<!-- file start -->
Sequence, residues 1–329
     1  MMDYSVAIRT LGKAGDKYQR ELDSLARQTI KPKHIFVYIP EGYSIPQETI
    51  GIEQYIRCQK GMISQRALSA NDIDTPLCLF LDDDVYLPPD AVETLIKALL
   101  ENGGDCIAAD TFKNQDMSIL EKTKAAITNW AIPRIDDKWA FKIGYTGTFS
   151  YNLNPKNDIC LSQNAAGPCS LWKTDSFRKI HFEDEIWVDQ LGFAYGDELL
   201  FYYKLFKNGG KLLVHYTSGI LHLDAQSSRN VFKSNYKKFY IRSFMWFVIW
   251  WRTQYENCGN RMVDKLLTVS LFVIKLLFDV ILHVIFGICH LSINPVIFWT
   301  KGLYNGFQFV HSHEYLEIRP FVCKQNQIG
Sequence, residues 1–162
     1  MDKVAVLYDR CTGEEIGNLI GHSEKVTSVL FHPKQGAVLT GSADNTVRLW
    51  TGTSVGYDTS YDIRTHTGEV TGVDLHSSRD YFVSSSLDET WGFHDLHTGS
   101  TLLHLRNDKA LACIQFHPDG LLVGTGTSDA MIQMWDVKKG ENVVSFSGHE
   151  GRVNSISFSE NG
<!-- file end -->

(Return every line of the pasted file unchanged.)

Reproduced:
Sequence, residues 1–329
     1  MMDYSVAIRT LGKAGDKYQR ELDSLARQTI KPKHIFVYIP EGYSIPQETI
    51  GIEQYIRCQK GMISQRALSA NDIDTPLCLF LDDDVYLPPD AVETLIKALL
   101  ENGGDCIAAD TFKNQDMSIL EKTKAAITNW AIPRIDDKWA FKIGYTGTFS
   151  YNLNPKNDIC LSQNAAGPCS LWKTDSFRKI HFEDEIWVDQ LGFAYGDELL
   201  FYYKLFKNGG KLLVHYTSGI LHLDAQSSRN VFKSNYKKFY IRSFMWFVIW
   251  WRTQYENCGN RMVDKLLTVS LFVIKLLFDV ILHVIFGICH LSINPVIFWT
   301  KGLYNGFQFV HSHEYLEIRP FVCKQNQIG
Sequence, residues 1–162
     1  MDKVAVLYDR CTGEEIGNLI GHSEKVTSVL FHPKQGAVLT GSADNTVRLW
    51  TGTSVGYDTS YDIRTHTGEV TGVDLHSSRD YFVSSSLDET WGFHDLHTGS
   101  TLLHLRNDKA LACIQFHPDG LLVGTGTSDA MIQMWDVKKG ENVVSFSGHE
   151  GRVNSISFSE NG